My move hit me hard, as I'd expected. I'd been packing for weeks, but to actually say g'bye to my kids, my home and my cats was difficult. I held back grief that morning as I shut the door and made my way to my friend's car. I had to bat away thoughts that this could end up being the last time I saw my home should my treatment and recovery not go as hoped, but I also knew that I was in good hands and I was a prime candidate for my impending therapy.
I was mostly quiet on the drive, and remained somber walking into my first chemo appointment. When I received an "I love you" video from my grandbabies as I sat in the waiting room, I openly wept. I was already missing everyone and becoming scared about the days ahead. When I met with another new practitioner, she could sense my sadness and offered encouraging words of support.
It would continue to be a sad day for me, but I perked up when I checked into the housing near the cancer center that afternoon. It was a large and beautiful building, perfectly equipped for cancer patients and their families. I instantly felt at home and spent that evening settling in. By the time I arrived for my second appointment the next morning, I was already feeling better.
But "light chemotherapy" didn't mean what I thought it would. I expected to sail through it without side effects since I'd never had nausea during the six treatments of RCHOP two years so. But I'd been plagued by nausea beginning early Friday morning, not yet 24 hours after my first infusion. I was given Zofran IV, which immediately took care of my upset stomach and I was able to eat a famous Seattle Dick's cheeseburger and fries without any problem. I laid low for the rest of the day and pressed "repeat" for the next two days as nausea continued to linger on the periphery of that weekend, after two more chemo infusions.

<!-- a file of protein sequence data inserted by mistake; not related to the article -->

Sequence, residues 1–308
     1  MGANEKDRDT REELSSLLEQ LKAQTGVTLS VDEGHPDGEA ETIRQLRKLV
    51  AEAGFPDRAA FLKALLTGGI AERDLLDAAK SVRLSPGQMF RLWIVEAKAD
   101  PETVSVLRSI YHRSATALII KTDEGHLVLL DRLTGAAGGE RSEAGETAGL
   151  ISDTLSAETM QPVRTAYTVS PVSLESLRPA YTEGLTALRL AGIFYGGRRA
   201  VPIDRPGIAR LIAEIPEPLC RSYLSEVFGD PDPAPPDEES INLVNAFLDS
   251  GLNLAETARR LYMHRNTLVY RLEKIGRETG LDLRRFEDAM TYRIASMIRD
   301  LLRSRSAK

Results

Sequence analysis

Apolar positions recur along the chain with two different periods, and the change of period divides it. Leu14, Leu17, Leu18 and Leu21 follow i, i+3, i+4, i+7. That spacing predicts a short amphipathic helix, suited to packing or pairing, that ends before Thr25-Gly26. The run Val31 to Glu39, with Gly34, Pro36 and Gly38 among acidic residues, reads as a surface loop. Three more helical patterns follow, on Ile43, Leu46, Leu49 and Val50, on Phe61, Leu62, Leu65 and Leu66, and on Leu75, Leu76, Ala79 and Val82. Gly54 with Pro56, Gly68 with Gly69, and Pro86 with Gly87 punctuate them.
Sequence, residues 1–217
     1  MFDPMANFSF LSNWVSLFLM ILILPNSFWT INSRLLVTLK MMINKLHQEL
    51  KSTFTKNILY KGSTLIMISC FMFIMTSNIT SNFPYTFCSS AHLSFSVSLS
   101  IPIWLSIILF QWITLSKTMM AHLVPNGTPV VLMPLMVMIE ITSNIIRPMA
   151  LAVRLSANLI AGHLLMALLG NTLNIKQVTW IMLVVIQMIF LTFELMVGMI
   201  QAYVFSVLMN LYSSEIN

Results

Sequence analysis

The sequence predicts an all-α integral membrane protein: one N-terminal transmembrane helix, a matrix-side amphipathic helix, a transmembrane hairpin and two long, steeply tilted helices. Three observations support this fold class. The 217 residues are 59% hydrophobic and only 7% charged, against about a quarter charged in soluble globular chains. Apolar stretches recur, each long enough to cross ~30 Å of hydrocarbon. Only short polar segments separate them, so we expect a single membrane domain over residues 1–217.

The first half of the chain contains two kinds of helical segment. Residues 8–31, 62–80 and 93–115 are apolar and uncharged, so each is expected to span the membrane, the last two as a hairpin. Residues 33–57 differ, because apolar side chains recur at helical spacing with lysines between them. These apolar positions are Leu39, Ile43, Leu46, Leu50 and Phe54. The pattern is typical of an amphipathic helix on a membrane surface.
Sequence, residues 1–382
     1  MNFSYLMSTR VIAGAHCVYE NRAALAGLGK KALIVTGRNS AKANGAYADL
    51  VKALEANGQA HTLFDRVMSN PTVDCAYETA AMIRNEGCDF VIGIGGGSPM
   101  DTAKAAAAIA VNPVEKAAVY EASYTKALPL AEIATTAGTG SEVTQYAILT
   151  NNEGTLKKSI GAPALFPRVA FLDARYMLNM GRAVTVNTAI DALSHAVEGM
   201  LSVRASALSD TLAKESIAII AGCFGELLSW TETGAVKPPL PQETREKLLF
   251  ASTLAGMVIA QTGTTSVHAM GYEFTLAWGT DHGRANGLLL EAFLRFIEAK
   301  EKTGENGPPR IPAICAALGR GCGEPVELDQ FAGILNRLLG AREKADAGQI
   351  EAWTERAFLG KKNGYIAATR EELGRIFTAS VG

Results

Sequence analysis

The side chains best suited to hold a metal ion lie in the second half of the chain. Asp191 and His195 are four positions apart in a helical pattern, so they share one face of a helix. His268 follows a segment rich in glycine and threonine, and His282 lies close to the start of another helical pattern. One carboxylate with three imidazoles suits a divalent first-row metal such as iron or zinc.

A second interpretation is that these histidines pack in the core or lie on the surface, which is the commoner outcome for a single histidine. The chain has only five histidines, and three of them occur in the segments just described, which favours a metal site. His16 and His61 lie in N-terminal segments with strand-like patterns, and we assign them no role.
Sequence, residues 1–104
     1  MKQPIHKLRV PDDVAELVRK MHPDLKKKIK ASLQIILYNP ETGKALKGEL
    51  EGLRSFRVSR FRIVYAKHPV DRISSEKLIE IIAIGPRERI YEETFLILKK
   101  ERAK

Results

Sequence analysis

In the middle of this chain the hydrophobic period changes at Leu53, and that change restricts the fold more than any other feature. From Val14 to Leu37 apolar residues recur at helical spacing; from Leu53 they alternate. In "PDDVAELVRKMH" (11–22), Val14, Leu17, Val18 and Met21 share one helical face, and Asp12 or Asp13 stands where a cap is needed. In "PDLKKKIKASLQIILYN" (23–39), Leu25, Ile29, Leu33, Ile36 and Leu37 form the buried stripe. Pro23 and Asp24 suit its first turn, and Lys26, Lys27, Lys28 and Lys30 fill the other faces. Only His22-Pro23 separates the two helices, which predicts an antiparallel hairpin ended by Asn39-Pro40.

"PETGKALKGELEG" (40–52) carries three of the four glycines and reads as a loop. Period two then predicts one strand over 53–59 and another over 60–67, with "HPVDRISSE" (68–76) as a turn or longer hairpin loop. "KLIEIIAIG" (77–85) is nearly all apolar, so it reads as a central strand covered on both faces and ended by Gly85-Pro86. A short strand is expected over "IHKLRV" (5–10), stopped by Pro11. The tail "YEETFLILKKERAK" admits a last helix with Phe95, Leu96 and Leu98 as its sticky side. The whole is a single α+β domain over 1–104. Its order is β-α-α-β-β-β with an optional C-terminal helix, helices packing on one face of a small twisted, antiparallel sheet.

My two days of "rest" from chemo and the clinic were spent truly resting, when I'd hoped I would be able to read, catch up on my blogs, and explore the big, beautiful building I was staying in or walk the city streets. Instead, I was confined to my bed, eating and drinking as much as I could tolerate, and obsessing about the potentially-challenging days ahead.
Tuesday morning showed up too quickly after five days of blur. I felt disappointed to be leaving the hotel so soon.
I was admitted into room 8210 in the University of Washington Hospital at 0800 that morning, February 9th. It was a sunny but cold day, following a weekend of dreary skies.
Admissions always take a few hours so I came prepared with a hot breakfast sandwich I had picked up before my elevator ride to the 8th floor. My appetite had returned, and it did so with a vengeance.
As expected, I was nervous but I held tight to my emotions while I consumed my breakfast and said g'bye to my friend, Jack. I suddenly felt so alone as I embarked on a life-changing and potentially-challenging procedure by myself. I was nearly in tears when my nurse came bounding in my room and introduced herself.